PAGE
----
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Chapter 4 Financial Services: Savings Plans and Payment Account Copyright © 2013 by The McGraw-Hill Companies, Inc. All rights reserved.McGraw-Hill/Irwin.

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Presentation on theme: "Chapter 4 Financial Services: Savings Plans and Payment Account Copyright © 2013 by The McGraw-Hill Companies, Inc. All rights reserved.McGraw-Hill/Irwin."— Presentation transcript:

1 Chapter 4 Financial Services: Savings Plans and Payment Account Copyright © 2013 by The McGraw-Hill Companies, Inc. All rights reserved.McGraw-Hill/Irwin

2 4-2 Savings and Payment Accounts Chapter Learning Objectives LO4.1Identify commonly used financial services LO4.2Compare the types of financial institutions LO4.3Assess various types of savings plans LO4.4Evaluate different types of payment methods

3 4-3 Learning Objective LO4.1 Identify Commonly Used Financial Services Meeting Daily Money Needs Common mistakes: –Overspending (impulse buying, using credit) –Insufficient liquid assets –Using savings or borrowing to pay for current expenses –Failing to put unneeded funds in an interest bearing or investment account

4 4-4 Learning Objective LO4.1 Identify Commonly Used Financial Services Meeting Daily Money Needs Sources of quick cash: –Liquidate savings Savings account CD Mutual fund –Borrow Credit card advance Personal loan Both options reduce net worth

5 4-5 Types of Financial Services Savings –Time deposits –Savings and certificates of deposit Payment services –Checking accounts = demand deposits –Automatic payments Borrowing for the short- or long-term Other financial services –Insurance, investment, real estate purchases, tax assistance, trusts, and financial planning

6 4-6 Types of Financial Services Asset management account –Also called a cash management account –Offered by investment companies and others to provide a complete line of financial services program, which include: Checking account and ATM card Credit card Online banking Line of credit for quick cash loans Access to a variety of investments

7 4-7 Online Banking Direct deposit – Paychecks and other regular income Automatic payments transfer funds – Recurring payments such as for utilities – Remember to deduct them from your register ATM access – Obtain cash, check account balances, and transfer funds – Check out the fees Debit card – Deducts money directly and immediately out of your account – Lost card liability $50-$500 Traditional banks  online services Web-only banks (E*Trade Bank) Services provided:

8 4-8 Mobile Banking Text banking Mobile web banking Banking apps

9 4-9 Online and Mobile Banking

10 4-10 Pros and Cons of Online Banking BenefitsConcerns Time and money savingsPotential privacy, security violations Convenience for transactions, comparing rates ATM fees can become costly No paper trail for identity thieves Difficulty depositing cash, checks Transfer access for loans, investments Overspending due to easy access E-mail notices of due datesOnline scams, “phishing,” and e-mail scams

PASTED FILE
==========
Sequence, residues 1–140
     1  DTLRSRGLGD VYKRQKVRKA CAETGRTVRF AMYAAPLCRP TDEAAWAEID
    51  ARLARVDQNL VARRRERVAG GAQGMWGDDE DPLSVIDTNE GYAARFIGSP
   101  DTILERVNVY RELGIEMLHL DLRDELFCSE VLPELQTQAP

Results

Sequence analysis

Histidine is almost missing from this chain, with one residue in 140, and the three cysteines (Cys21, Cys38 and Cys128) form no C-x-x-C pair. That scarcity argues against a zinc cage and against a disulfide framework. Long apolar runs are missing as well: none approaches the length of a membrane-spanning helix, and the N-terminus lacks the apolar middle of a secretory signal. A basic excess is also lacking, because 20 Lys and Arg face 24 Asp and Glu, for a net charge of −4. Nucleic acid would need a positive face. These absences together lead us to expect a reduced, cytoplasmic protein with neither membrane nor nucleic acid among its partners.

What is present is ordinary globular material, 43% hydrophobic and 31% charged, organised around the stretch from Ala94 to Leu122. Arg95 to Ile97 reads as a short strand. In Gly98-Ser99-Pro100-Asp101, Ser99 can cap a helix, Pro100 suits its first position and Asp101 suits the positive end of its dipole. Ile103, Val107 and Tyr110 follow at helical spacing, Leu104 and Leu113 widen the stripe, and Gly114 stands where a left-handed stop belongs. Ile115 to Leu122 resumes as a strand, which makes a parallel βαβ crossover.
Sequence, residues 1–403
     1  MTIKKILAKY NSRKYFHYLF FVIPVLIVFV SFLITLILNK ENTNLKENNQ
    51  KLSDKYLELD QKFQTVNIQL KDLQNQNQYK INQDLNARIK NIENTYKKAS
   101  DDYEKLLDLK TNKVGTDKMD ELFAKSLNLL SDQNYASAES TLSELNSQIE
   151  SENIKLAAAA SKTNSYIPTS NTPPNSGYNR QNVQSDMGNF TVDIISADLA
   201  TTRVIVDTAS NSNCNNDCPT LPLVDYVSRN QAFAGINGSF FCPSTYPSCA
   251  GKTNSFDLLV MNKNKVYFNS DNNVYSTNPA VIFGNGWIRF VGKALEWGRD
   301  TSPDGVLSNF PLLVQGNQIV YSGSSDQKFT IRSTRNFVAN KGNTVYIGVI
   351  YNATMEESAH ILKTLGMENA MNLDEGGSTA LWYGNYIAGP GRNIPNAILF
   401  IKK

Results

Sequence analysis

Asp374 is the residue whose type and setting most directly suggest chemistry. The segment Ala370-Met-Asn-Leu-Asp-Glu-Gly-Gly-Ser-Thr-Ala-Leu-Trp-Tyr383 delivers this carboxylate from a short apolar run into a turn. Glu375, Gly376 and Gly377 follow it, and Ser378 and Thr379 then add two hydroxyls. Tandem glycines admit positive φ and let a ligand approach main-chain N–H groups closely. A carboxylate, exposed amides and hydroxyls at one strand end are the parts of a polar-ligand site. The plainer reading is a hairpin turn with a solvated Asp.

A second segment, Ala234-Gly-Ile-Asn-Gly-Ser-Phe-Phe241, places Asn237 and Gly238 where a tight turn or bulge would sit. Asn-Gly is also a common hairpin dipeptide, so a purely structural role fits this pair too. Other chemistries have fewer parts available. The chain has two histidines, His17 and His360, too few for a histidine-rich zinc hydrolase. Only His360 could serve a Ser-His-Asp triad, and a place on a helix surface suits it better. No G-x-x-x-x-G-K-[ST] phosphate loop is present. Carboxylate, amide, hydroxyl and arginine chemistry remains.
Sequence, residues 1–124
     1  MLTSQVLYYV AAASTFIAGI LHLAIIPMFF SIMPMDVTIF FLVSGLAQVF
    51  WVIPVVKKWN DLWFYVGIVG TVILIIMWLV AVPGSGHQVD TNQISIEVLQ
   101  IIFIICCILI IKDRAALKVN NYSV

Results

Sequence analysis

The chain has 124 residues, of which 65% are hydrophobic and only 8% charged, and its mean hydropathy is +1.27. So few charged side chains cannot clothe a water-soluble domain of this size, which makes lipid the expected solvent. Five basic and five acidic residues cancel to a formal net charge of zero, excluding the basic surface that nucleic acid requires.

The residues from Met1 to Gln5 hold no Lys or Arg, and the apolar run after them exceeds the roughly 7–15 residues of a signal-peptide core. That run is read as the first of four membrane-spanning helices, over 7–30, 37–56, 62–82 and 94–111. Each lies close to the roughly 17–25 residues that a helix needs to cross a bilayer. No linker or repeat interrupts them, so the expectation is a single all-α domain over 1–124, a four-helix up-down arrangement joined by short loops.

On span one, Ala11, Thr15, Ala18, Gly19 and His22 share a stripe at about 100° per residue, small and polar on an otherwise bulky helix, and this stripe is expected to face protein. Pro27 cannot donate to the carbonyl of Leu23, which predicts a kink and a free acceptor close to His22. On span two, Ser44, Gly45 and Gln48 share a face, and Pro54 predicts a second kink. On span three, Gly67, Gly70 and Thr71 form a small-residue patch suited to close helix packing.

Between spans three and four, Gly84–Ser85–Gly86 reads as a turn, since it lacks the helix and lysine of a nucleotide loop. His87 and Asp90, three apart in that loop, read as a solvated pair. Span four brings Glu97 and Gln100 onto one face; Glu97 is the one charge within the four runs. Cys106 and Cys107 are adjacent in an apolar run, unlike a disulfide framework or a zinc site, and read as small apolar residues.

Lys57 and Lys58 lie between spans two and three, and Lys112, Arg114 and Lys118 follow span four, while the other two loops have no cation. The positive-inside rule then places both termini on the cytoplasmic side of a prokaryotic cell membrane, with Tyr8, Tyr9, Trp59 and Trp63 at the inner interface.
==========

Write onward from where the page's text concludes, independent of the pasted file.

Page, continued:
11 4-11 Financial Services and Economic Conditions For successful financial planning, be aware of: Prime rate = rate banks charge large corporations Consumer interest rates Rising consumer prices Information sources:

12 4-12 Interest Rates & Financial Decisions

13 4-13 Learning Objective LO4.2 Compare the Types of Financial Institutions Basic questions to ask before choosing a financial institution 1. Where can I get the best return on my savings? 2. How can I minimize my costs for financial services? 3. Will I be able to borrow money if I need it?

14 4-14 Learning Objective LO4.2 Comparing Financial Institutions Determine the financial services you need before choosing a financial institution Compare fees and convenience Consider the safety and rates for deposits and loans at different institutions

15 4-15 Five Steps to Selecting a Financial Institution 1.List features most important to you 2.Rank the top 3-4 most important features 3.List local, national & online institutions 4.Conduct research: Talk with friends Online research Personal visit 5.Balance your needs with information collected

16 4-16 Financial Services Research Services offered Fees disclosure Minimum balance Savings rate sheet Sample loan application Sufficient deposit insurance

17 4-17 Types of Financial Institutions Deposit Institutions Commercial banks –Organized as corporations –Offer a full range of services including checking, savings, lending, and other services Savings and loan associations –Checking accounts, specialized savings plans, loans and financial planning and investment services

18 4-18 Deposit Institutions (continued) Mutual savings banks –Specialize in savings accounts and mortgage loans –Owned by their depositors, with profits going back to depositors by paying a higher rate on savings Credit unions –User-owned, nonprofit and provide comprehensive financial services –Lower fees and lower loan rates Types of Financial Institutions

19 4-19 Non-Deposit Institutions Life insurance companies –Insurance plus savings and investments –Some offer financial planning and investing services Investment companies –Mutual funds –Money market fund Combination savings and investment plan Not covered by FDIC Types of Financial Institutions

20 4-20 Non-deposit Institutions Brokerage firms –Act as agent for buyers and sellers of financial products Credit card companies –Specialize in short term loans Finance companies –Make short and medium term loans to consumers –Higher rates Mortgage companies –Provide home mortgage loans Types of Financial Institutions

21 4-21 Pawnshops –Loans on possessions –Higher fees; 3% per month common –Used for quick cash Check-cashing outlets –Charge 1-20 % of check’s face value –1-3% is average –AKA: Currency exchanges Problematic Financial Businesses

22 4-22 Payday loan companies –Cash advances –Check advance loans –Postdated check loans –Delayed deposit loans –High interest rates Rent-to-Own Centers –Lease merchandise at high interest rates to low-income customers Car Title Loans Problematic Financial Businesses

23 4-23 Learning Objective LO4.3 Comparing Savings Plans Regular savings accounts – Passbook savings – Statement accounts – Low minimum balance – Easy withdrawal – Insured – Low rate of return – Credit Union = share accounts